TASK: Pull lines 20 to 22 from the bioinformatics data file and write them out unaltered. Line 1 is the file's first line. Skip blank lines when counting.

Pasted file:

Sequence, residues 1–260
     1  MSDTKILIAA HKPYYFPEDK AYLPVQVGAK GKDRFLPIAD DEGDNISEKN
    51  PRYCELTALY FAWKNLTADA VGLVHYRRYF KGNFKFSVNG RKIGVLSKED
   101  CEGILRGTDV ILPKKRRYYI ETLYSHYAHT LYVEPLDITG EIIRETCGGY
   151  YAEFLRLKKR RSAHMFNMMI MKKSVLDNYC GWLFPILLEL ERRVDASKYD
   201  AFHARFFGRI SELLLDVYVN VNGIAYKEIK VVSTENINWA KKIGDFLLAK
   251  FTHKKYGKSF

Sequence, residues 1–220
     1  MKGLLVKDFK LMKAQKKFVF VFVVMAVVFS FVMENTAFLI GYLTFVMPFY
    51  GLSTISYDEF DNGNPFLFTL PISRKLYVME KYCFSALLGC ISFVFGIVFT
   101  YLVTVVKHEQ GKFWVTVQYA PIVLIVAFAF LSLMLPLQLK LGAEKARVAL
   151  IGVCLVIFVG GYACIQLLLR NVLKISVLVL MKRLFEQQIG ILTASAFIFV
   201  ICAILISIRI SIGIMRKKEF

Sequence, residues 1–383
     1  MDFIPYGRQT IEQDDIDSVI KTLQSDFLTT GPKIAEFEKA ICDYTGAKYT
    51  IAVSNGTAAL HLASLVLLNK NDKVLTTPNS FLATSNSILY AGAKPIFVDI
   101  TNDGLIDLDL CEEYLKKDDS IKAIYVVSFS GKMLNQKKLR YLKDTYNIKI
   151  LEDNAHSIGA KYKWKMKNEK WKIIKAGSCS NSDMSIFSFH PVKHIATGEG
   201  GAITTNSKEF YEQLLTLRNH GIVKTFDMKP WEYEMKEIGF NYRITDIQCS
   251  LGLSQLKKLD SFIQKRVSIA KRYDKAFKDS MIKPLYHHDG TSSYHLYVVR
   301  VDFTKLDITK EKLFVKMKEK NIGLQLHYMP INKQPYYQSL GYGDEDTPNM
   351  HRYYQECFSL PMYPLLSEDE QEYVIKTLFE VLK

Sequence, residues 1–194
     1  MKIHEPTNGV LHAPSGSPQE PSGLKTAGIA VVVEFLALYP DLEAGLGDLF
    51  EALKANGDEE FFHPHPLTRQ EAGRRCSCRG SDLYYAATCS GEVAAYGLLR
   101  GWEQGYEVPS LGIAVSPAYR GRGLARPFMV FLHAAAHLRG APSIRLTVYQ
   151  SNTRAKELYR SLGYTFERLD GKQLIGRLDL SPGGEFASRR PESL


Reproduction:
   251  LGLSQLKKLD SFIQKRVSIA KRYDKAFKDS MIKPLYHHDG TSSYHLYVVR
   301  VDFTKLDITK EKLFVKMKEK NIGLQLHYMP INKQPYYQSL GYGDEDTPNM
   351  HRYYQECFSL PMYPLLSEDE QEYVIKTLFE VLK